Introduces students to various equity portfolio implementation techniques. Through the extensive use of TraderEx simulation software, students implement equity trades within order driven, dealer driven, hybrid, dark pool, continuous and call auction market environments. The objective is to provide opportunities for students to learn ways to minimize implementation shortfall through judicious trading techniques.

Prerequisite: 52:390:301.

Co-requisite: 52:390:315.

Individual study under the supervision of finance faculty, usually on a specified project or paper, designed to enrich the educational experience.

Prerequisite: Permission of instructor.

Designed to integrate course materials, introduce new philosophies, theories, and techniques in finance, and apply them to selected problems. Extensive reading and research reports required. Topics vary from year to year.

Prerequisite: 52:390:301.

An individual research project.

Prerequisite: Permission of instructor.

A structured, practical program conducted by a business in cooperation with the School of Business-Camden.

Prerequisites: Cumulative grade-point average of 3.0; permission of internship director.

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BLDP Shadowing Days Application

After being notified of a match, students are responsible for providing personal information to the matched executive (e.g., current resume and cover letter with information on career ambitions). The information on this application is for internal use only, for us to match you as well as possible with and executive from among our alumni database.

BLDP Application

The Fall 2020 Application is now open! 

Priority will be given to applications received by Monday, May 25, 2020. Applications are accepted until all seats are filled.

The seminar application process is our gateway for entry into the program. Upon acceptance into BLDP, students will be emailed their acceptance letter plus a special permission number allowing registration for the BLDP seminar.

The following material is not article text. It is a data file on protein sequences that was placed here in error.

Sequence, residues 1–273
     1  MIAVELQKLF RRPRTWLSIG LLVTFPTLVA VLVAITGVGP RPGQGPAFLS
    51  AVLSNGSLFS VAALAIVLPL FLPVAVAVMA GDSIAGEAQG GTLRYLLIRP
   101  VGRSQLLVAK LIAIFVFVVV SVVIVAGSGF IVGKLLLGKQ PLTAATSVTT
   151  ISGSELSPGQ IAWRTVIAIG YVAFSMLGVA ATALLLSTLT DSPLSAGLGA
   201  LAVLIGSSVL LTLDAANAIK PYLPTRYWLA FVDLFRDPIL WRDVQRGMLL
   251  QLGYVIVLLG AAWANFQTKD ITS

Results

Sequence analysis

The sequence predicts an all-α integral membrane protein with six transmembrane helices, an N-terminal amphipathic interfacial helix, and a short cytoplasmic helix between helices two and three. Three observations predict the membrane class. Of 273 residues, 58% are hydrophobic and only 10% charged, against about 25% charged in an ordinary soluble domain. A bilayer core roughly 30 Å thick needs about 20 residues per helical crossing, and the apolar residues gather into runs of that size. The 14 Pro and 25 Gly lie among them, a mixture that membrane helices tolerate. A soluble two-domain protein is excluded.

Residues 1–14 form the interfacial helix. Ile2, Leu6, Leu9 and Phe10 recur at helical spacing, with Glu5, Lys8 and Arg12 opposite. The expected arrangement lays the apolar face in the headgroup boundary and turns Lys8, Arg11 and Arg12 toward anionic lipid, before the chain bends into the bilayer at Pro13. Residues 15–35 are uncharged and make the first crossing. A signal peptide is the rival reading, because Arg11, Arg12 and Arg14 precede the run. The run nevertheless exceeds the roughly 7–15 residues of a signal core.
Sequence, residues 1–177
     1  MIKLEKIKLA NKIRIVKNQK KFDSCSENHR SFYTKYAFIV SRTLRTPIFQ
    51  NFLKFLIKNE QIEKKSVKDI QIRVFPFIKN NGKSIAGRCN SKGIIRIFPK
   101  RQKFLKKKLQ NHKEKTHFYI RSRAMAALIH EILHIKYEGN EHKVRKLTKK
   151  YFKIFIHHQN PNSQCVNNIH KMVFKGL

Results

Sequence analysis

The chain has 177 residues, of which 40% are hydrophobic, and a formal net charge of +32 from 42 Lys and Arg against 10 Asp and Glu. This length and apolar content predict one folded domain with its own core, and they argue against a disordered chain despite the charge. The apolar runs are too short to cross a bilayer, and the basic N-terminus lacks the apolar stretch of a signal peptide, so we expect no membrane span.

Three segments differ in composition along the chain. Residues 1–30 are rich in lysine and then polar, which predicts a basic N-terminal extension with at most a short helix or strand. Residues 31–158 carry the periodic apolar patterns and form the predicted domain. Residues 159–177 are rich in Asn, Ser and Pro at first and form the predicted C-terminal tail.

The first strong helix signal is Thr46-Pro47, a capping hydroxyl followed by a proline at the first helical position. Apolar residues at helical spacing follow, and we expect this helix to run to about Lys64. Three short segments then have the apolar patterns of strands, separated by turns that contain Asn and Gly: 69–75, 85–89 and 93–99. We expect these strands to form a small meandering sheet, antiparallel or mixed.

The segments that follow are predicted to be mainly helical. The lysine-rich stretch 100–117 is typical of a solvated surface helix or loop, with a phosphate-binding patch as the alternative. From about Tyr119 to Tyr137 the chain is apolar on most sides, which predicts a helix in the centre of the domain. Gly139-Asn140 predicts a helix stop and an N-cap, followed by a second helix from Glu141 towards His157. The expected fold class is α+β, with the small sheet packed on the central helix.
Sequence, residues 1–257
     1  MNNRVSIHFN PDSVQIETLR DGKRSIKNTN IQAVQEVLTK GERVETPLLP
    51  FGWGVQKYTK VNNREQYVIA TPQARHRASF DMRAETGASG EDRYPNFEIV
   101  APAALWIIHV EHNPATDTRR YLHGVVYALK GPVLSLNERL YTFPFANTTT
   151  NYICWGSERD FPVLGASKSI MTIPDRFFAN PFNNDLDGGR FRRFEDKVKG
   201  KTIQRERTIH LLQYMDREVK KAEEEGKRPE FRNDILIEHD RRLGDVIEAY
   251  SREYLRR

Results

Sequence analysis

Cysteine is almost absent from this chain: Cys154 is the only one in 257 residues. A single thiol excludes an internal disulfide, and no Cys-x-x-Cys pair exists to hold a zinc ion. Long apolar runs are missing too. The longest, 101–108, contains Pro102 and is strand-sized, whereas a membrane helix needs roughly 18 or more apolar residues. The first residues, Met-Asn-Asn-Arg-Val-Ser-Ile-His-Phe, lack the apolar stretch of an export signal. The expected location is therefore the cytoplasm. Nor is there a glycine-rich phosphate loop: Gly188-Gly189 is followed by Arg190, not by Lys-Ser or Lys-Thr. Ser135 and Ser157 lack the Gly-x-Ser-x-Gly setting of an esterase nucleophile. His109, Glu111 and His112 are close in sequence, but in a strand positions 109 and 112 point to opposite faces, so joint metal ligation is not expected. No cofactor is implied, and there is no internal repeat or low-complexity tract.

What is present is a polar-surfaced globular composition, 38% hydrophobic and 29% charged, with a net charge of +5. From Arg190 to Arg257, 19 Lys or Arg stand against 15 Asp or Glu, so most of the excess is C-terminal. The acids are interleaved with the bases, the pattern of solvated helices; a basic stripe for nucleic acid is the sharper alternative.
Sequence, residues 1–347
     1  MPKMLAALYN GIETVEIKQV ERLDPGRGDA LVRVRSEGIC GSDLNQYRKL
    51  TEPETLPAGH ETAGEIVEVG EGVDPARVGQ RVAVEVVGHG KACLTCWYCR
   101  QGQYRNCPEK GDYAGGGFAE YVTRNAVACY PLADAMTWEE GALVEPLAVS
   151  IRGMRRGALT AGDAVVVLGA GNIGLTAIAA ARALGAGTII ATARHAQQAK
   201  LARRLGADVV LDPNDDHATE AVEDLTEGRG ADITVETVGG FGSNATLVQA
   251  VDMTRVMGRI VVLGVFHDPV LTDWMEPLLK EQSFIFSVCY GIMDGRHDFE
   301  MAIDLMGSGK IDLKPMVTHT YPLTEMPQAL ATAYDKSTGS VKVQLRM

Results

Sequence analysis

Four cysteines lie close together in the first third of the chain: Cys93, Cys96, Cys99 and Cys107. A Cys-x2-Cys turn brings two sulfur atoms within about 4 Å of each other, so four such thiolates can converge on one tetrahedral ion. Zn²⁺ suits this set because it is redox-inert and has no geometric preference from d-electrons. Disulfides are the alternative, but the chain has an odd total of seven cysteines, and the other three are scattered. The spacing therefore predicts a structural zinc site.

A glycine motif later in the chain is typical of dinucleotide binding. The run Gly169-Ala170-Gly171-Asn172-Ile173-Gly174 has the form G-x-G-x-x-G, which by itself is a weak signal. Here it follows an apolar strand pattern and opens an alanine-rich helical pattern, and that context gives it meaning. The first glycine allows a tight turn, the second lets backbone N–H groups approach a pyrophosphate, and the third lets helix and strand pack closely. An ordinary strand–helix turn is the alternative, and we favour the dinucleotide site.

Requirements

Seminar applications are solicited each semester and require

  1. completed application form (submitted online and found elsewhere on this website),
  2. a personal essay, and
  3. two letters of recommendation (one academic; one other).

Rutgers-Camden students are invited to apply to apply for enrollment in the BLDP seminar. All applicants are expected to meet both of the following selection criteria:  Have sophomore standing or above and have an overall GPA of 3.0 or above. First-semester transfer students will be evaluated based on their GPA earned at Rutgers. Students who fail to meet these admission criteria may still be allowed to apply for (and possibly enroll in) the BLDP seminar, but they will be evaluated on a case-by-case basis.

The director balances evaluations to make final decisions on people accepted for the seminar (up to a maximum of 15-20 each semester).

Students who are admitted to the BDLP are rquired to adopt the BLDP Code of Conduct. A signed contract is required from each student.

Students may count activities toward “leadership units” that were initiated prior to taking a seminar, as long as those activities occur primarily during their enrollment in their academic program.

Application for Admission to BLDP Seminar

Applications For BLDP Seminar will be ongoing until class is filled.

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  • Contact Information

  • Academic Information

  • Please enter a number from 0 to 500.
  • Transfer students only.
  • Employment Information

  • List relevant employment history

  • EmployerPositionDates of Employment 
  • School Leadership Information

  • Provide evidence of leadership initiative while enrolled in school by listing all school-based organizations and activities in which you have held a leadership role while a student.

  • OrganizationRoleDates 
  • Community Leadership Information

  • Provide a list of community or volunteer activities in which you engaged in a leadership role.

  • OrganizationRoleDates of Activity 
  • Essay

  • Please write a short essay between 150 to 350 words, in which you discuss the reasons why your application should be considered for the Business Leader Development Program, including what you hope to gain from the program and what you can contribute.

  • Additional Submission Instructions

  • For your application to be complete, this form and TWO REFERENCE LETTERS must be on file in the Director's office. Ideally, you will receive one letter from an academic source (e.g., a former or current instructor), and one from a business source (e.g., a former employer - even if for a part-time or volunteer position). Your letter writers should mail them directly to: Dr. Carol Kaufman-Scarborough, BLDP Director, Rutgers University, School of Business, 227 Penn Street, Camden, NJ 08102 or email the letters to ckaufman@camden.rutgers.edu.

    Please only submit one application. If you experience any technical problems or need to submit the application again, please contact ldrshp@camden.rutgers.edu.

    Thank you.